The subject of this long (much too long) book is important: the People’s Republic of China (PRC) is a fast-rising power and the rest of the world had better take note. China’s challenge to the democratic world is perhaps greater than the Soviet Union’s ever was, because of its economic success. The mixture of autocracy and capitalism is an attractive model to authoritarians and aspiring authoritarians everywhere.

Martin Jacques, however, is not concerned with politics. Culture, history, tradition, roots, race, “China’s genetic structure”, are what interest him. He believes that a future clash between “the West” (a concept he does not define) and China will be a cultural one. The Chinese, he writes, have always regarded their civilisation as superior, and the rest of the world as barbarians. To be Chinese, he explains, is to belong to a superior race. This means China’s world leadership will result in a “cultural and racial reordering of the world in the Chinese image”. Apart from the fact that “race” is a relatively modern concept, I’m not sure what this would mean. That the African lingua franca will be Chinese? That foreign diplomats will have to offer tributary gifts to the Communist party secretary in Beijing? The main point seems to be that western norms will no longer be regarded as universal. But if we leave politics out of this, the significance remains obscure.

There are few individual voices in the book — let alone clashing views within countries. Instead, China is imbued with a “mentality” that has existed “since time immemorial”. And “the West”, we are told, or “Europe”, has not been much concerned “with dealing with the Other”. This might come as news to generations of European scholars who have done little else but deal with the Other, but so be it. We are dealing with broad brushes here.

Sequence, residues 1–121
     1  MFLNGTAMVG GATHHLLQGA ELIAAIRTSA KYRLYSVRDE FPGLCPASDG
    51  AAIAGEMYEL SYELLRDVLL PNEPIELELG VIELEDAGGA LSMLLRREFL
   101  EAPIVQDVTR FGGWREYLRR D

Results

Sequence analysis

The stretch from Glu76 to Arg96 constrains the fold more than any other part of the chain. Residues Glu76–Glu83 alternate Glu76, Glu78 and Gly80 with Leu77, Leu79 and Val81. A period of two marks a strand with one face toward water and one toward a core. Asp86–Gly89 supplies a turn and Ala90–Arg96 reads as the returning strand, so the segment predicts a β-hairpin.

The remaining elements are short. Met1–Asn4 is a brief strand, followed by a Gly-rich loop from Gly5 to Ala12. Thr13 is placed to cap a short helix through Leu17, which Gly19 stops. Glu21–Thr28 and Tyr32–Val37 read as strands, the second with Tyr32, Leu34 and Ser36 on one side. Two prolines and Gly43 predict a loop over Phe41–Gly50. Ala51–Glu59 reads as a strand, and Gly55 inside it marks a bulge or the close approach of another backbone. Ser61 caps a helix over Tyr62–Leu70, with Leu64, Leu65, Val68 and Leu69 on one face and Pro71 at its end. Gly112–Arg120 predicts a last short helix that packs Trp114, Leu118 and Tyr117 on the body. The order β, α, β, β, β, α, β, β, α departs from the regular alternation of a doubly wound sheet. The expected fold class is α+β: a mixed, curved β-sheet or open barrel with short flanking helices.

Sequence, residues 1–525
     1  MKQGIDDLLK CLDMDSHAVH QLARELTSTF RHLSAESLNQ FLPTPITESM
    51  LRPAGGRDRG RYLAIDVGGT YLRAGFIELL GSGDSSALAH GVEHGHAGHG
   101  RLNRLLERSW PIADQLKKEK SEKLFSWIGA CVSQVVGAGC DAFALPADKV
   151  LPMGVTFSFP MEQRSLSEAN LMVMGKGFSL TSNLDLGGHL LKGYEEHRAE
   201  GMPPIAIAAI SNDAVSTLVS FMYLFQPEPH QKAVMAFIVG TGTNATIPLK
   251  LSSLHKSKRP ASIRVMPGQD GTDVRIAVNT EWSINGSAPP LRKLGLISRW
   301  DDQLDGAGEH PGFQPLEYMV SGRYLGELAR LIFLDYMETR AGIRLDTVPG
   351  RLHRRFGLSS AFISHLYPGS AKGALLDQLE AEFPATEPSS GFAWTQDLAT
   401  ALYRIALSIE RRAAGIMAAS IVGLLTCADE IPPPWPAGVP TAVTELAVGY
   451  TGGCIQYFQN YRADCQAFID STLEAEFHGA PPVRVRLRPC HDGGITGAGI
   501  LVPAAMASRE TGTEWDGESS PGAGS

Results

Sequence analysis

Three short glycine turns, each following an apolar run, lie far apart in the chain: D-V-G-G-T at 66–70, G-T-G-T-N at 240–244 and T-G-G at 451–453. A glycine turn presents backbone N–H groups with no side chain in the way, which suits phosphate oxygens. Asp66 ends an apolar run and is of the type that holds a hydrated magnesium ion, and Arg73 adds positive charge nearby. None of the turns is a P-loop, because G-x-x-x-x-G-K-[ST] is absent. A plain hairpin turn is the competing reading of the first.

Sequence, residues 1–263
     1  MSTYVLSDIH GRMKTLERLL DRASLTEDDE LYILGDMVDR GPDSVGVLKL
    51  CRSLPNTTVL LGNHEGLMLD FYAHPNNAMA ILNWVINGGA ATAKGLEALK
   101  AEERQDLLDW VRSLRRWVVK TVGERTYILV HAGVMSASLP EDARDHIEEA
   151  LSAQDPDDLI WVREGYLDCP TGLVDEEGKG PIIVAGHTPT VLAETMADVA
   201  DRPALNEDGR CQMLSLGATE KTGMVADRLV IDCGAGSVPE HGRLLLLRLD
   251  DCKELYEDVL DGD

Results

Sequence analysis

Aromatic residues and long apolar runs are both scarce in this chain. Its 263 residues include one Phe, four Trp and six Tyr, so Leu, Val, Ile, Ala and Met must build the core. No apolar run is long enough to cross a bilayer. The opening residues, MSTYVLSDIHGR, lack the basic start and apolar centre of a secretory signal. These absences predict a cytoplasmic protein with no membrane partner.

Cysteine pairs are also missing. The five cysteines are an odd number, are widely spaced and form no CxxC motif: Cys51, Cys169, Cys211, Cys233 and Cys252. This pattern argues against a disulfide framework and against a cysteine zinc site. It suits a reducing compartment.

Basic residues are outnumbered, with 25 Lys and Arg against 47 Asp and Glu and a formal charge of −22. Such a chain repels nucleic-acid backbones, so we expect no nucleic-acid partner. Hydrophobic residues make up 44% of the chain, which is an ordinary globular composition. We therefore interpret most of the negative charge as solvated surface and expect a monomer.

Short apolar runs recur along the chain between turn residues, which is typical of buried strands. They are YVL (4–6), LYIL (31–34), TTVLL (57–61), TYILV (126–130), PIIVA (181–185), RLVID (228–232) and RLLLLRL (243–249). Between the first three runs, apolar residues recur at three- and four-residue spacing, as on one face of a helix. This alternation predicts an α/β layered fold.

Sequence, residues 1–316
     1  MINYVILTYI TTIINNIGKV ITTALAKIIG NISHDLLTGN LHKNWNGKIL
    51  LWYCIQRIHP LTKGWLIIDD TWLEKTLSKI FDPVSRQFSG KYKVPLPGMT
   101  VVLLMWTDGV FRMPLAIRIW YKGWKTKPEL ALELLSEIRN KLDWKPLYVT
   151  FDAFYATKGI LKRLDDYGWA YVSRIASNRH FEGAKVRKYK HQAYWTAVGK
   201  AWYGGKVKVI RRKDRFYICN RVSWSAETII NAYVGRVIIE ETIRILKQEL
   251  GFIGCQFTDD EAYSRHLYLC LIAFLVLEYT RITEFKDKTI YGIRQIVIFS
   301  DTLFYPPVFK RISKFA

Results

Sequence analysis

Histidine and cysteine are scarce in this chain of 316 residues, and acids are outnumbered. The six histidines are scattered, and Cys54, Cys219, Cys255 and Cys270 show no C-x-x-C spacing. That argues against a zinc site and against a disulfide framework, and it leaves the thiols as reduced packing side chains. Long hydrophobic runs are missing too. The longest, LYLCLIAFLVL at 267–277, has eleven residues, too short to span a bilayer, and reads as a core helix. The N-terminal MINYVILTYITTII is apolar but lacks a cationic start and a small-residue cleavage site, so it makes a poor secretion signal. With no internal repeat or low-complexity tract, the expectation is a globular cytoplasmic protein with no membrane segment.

There is something curiously old-fashioned about Jacques’s writing, redolent of German thinkers between the world wars talking about national character and all that. One problem with this cultural approach to economic and political affairs is that currently received opinions — in this case, Chinese elite opinions — are given the status of an unchanging mentality, rooted in thousands of years of history. It would follow from this, for example, that China is not ready for democratic institutions, because they have not existed before, or because China is too big, too complex or too Confucian.

This is what many Chinese officials and businessmen will tell the foreign observer, and Jacques faithfully repeats their clichés. Alas, for a writer who takes history and culture so seriously, he is rather badly informed on these matters, something he has in common with many Chinese government hacks who bamboozle themselves and foreigners with proud talk about “5,000 years of history”.

Confucius looms large in Jacques’s account. He thinks that the first centralised Chinese state, the Qin (221-206BC), was based on his teachings. In fact, the Qin emperor, a legalist, detested Confucianism, had Confucian scholars buried alive, and burned their books. Chinese Confucianism, Jacques believes, was “more doctrinaire” than the Korean and Japanese versions, which explains why democracy is more alien to China. Actually, it is the other way round: doctrinaire neo-Confucianism really took off in Korea and Japan. The Chinese communists “played the key role” in resisting Japan during the second world war. Wrong, it was the nationalists who ended up doing most of the fighting, while the communists bided their time in remote rural areas.